But there are other hurdles – some so challenging that many scientists have given up. For one thing, it seems, pushing stem cells in the right direction requires a unique touch and expertise. It’s not just anyone who can create egg and sperm cells in the lab, says Saitou.
Saitou and Hayashi, now at Kyushu University, lead teams that are world-renowned for their extraordinary skill. For example, their achievements might not have been possible without Hiroshi Ohta’s contribution. Ohta is an expert at anesthetizing newborn mice using ice, performing complex surgeries on them and injecting cells into their miniature gonads. The whole procedure must be completed within five minutes or the animal will die. Only a handful of people have such skills, which take months to develop. Saitou said: “I think our group is very lucky. “It was a gathering of many talented scientists.”
Work has been hampered by a lack of in-depth knowledge of how primitive forms of sperm and egg cells develop naturally in embryos — a process that is far from fully realized in humans. Some of the embryo’s cells begin to differentiate into these primitive sex cells at about 14 days. But in some countries it is illegal for researchers to even culture human embryos more than 14 days. Azim Surani, who is researching precursors of artificial sex cells at the University of Cambridge, UK, said: ‘They’ll put me in jail if I’m past 14.
From a research standpoint, the problem is that the 14-day rule “appears as soon as the embryo starts to get interesting,” says Surani. Unable to study the crucial process of how primitive cells begin to form egg and sperm cells, scientists are limited in their ability to mimic it in the lab.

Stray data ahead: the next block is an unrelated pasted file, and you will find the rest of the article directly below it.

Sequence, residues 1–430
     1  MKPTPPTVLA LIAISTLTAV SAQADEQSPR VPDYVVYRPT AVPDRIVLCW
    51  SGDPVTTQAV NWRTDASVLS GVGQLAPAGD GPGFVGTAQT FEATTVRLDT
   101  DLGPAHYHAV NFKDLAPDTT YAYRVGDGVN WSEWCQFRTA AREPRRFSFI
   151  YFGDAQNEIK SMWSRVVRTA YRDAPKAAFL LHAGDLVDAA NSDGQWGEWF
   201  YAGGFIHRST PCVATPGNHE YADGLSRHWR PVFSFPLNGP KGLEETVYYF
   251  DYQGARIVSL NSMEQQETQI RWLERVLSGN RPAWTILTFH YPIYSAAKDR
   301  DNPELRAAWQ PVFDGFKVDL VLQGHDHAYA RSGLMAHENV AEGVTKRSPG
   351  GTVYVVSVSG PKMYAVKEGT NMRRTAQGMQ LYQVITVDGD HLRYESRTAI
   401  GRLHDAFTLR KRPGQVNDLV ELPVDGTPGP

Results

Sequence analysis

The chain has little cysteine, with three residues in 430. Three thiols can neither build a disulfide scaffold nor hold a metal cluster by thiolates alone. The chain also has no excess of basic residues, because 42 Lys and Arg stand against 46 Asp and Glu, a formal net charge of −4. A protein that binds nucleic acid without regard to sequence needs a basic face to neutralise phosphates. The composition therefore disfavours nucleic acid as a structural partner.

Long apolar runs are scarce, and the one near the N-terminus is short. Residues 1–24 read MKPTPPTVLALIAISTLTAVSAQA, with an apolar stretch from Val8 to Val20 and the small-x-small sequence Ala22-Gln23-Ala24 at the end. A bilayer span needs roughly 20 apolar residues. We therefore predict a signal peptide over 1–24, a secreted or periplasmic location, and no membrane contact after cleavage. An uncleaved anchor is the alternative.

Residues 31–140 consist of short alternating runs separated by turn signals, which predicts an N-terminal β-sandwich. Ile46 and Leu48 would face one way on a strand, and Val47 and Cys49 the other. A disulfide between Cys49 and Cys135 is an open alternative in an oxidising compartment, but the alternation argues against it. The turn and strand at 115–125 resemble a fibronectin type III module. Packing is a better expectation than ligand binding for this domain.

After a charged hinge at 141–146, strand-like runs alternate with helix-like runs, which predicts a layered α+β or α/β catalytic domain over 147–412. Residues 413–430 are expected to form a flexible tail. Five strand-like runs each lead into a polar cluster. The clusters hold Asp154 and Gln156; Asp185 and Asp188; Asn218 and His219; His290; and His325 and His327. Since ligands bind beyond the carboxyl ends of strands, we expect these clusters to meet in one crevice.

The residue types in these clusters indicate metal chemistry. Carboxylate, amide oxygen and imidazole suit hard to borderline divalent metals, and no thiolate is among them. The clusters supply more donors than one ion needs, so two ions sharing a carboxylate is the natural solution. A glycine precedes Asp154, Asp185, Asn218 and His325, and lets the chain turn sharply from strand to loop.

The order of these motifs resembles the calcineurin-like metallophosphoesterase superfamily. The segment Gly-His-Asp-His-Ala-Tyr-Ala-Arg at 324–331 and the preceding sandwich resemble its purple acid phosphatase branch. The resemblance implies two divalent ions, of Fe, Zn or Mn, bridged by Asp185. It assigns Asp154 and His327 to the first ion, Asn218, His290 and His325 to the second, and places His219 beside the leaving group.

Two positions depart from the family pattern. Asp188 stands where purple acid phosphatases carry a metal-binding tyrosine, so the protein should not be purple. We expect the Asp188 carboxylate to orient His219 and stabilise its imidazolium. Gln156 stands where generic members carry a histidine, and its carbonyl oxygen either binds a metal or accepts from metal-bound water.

Even if scientists can study embryos more freely, some mysteries will remain. Once the cells that make the egg and the sperm are made, they are kept in a suspended animation until puberty or ovulation. What happens to them in the middle years? And how important is this period for the health of the mature egg and sperm? “The honest answer is we don’t know,” Surani said.
Stem cells in the laboratory must also be generated and cared for under the correct conditions. To survive, they must be bathed in a cup of nutrients that must be replaced every day. “It takes a lot of time and effort… and a lot of money,” said Bjorn Heindryckx at Ghent University in Belgium, one of the scientists who gave up making human eggs this way in the lab. “The results were too limited compared to the effort and the money we spent on it,” he said.
Part of the challenge is that for progenitor stem cells to develop into fully mature egg or sperm cells, they must be placed in an environment that mimics a newly developed ovary or testicle. The mouse researchers used tissue taken from mouse embryos to induce stem cells to differentiate into sex cells. But similarly, using human tissue from discarded embryos is an ethical and legal issue. So scientists are working on how to create the right environment without using tissue from embryos.
As a result it will likely take a highly skilled team years of dedicated research. “It’s not impossible, but it won’t be easy,” Surani said.